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Direct and indirect object in Spanish language

In Spanish language, the verb has a series of complements (elements with the function of complementing the verb). Two basic complements are Direct Object (DO) and Indirect Object (IO).

The Direct Object is the person, animal or thing that suffers verbal action. It usually follows to the verb and it is never followed by a preposition (except the preposition “a”, which is the only preposition that can accompany Direct Object).

DO doesn’t have to agree in number and person with the verb. The verbs that can’t make a complete predicate, that is, the verbs that need a Direct Object, are named “transitive verbs”. (Examples: “comprar” (to buy”), “leer” (to read), “mirar” (to look).

On the other hand, the verbs that can’t be followed by a Direct Object are named “intransitive verbs”. (Examples: “ir” (to go), “nacer” (to be born), “morir” (to die), “llorar” (to cry), “florecer” (to bloom), etc.)

We can identify DO from the following criteria:

1. Asking the verb: “¿qué? (what?) or “¿a quién?” (to whom?):
El otro día fui al hospital a ver a Adrián. > ¿A quién fui a ver al hospital? > A Adrián.

2. It can be replaced by the pronouns lo(s), la(s), depending on the grammatical gender and the number:
El otro día fui al hospital a ver a Adrián > El otro día fui al hospital a verlo.
Me comí todas las lentejas > Me las comí todas.

Note that in some regions of Spain, also is used the pronoun “le(s)” in this context to refers to people.

El otro día fui al hospital a ver a Adrián > El otro día fui al hospital a verle.

3. If the Direct Object is an object, it can be replaced by “eso”/ “esas cosas”.:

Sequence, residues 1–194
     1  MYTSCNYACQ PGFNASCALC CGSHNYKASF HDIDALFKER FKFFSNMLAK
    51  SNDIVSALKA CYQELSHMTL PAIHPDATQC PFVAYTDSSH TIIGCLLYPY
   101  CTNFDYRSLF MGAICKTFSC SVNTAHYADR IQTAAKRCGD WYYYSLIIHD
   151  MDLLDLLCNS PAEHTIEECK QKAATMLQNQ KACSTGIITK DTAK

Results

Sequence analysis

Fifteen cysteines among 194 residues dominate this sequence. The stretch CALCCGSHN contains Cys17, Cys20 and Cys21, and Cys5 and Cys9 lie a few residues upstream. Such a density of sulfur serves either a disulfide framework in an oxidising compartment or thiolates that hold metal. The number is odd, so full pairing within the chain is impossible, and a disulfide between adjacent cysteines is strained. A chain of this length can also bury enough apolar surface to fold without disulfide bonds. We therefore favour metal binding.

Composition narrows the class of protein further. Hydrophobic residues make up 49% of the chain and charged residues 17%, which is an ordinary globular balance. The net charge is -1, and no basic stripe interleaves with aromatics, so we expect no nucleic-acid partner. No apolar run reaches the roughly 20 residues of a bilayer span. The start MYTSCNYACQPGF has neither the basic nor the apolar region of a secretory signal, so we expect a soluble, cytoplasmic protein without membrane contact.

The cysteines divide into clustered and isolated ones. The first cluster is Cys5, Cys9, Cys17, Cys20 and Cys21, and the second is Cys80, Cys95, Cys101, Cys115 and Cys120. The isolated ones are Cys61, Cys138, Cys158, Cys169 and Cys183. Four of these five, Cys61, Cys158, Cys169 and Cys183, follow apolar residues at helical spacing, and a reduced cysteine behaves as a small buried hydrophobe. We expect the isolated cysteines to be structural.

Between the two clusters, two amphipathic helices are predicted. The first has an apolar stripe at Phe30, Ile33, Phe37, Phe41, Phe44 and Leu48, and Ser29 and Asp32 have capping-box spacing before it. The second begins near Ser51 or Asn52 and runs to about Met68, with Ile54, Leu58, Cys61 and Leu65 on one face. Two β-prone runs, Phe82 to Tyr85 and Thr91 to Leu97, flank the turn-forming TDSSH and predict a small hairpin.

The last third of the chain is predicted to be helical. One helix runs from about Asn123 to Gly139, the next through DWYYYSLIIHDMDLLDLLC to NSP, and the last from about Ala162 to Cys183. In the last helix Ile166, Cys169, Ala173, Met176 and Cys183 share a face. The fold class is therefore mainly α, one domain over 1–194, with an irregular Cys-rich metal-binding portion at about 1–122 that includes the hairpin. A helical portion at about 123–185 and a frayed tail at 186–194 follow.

Voy al cine a ver un documental > Voy al cine a ver eso.

4. In a passive sentence, the Direct Object is the passive Subject:

Voy al cine a ver un documental > El documental va a ser visto en el cine.
Note that in some cases, this “transformation” is no possible.

The Indirect Object is the person, animal or thing that indirectly receives benefit or damage of the action. It can be followed by the prepositions “a” and “para”.

Compró comida para Rosa
CD                  CI

We can identify Indirect Object from the following criteria:

1. We must ask the verb “¿a quién? (to whom) or “¿para quién?” (for whom?)
Compró comida para Rosa

¿Para quién compró comida? > Para Rosa.

2. Indirect Object can be replaced by “le(s)”, regardless if the IO is female or male

Escribí una nota al profesor > Le escribí una nota.
Pidió disculpas a su hermana > Le pidió disculpas.

If IO and DO are in the same sentence with pronominal forms, the Indirect Object is replaced by “se”. The order of the sentence is: IO+ DO

Compró comida para Rosa > Se la compró.
Se (Rosa) la (comida) compró.

IO + DO + Verb

By Veronica Rodriguez , who is graduate in Spanish Language and Hispanic literatures by the University of Las Palmas de Gran Canaria, for Practica Español

(Text translated by Sandra Municio)

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